Forecasting the southwest monsoon variability in the Bay of Bengal (BoB) requires coupled air-sea numerical models with an accurate representation of the atmosphere and ocean physics. Here we additionally explore the importance of biophysical interactions, where we consider how intraseasonal oscillations can modulate primary productivity, and how primary productivity could influence monsoonal variability. The cloudy southwest monsoon decreases light availability, inducing a temporary transition from nutrient- to light-limited productivity wherein subsurface irradiance and primary productivity co-vary, derived from diel cycles in co-located measurements of downwelling irradiance and subsurface chlorophyll-a fluorescence. This has implications for carbon fixation within the BoB, in addition to higher food chain impacts. As phytoplankton concentrations increase, light attenuation also increases, modifying the vertical distribution of solar heating over the upper water column. By employing one-dimensional air-sea numerical models forced with the observed atmospheric forcing, we investigate the sensitivity of sea surface temperature and mixed layer depth to the time- and depth-variable light attenuation. In summary, primary productivity, light attenuation, and sea surface temperature are potentially interdependent during the southwest monsoon, highlighting the need for realistic estimates of light attenuation when forecasting monsoon variability.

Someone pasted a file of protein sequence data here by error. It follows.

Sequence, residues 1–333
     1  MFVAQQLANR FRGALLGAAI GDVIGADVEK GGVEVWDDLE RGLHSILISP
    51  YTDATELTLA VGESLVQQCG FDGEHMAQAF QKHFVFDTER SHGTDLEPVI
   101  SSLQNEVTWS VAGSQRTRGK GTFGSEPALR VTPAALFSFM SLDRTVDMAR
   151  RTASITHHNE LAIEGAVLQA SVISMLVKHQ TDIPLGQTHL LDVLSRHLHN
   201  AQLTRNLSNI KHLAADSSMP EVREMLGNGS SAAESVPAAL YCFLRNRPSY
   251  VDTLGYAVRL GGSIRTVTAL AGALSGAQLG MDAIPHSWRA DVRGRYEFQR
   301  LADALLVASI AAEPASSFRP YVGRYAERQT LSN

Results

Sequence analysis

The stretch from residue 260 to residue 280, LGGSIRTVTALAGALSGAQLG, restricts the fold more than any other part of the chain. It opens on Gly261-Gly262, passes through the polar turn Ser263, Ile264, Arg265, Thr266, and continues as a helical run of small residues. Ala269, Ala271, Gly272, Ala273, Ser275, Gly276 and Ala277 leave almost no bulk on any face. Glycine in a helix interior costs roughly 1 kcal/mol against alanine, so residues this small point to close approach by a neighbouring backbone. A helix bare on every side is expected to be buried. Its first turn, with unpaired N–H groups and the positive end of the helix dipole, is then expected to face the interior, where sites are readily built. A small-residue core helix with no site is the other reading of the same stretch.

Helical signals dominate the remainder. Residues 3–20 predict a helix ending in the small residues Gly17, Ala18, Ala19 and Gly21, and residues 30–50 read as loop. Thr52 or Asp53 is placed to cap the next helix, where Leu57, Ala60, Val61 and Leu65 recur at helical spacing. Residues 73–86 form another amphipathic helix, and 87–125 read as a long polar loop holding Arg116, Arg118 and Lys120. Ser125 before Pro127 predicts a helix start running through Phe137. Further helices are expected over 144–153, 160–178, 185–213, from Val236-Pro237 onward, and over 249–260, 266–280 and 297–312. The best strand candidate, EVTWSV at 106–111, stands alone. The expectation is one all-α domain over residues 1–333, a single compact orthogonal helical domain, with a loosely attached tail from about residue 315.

• 11:50 am - 12:50 pm EDT
    Gather Town Coffee/ Tea Break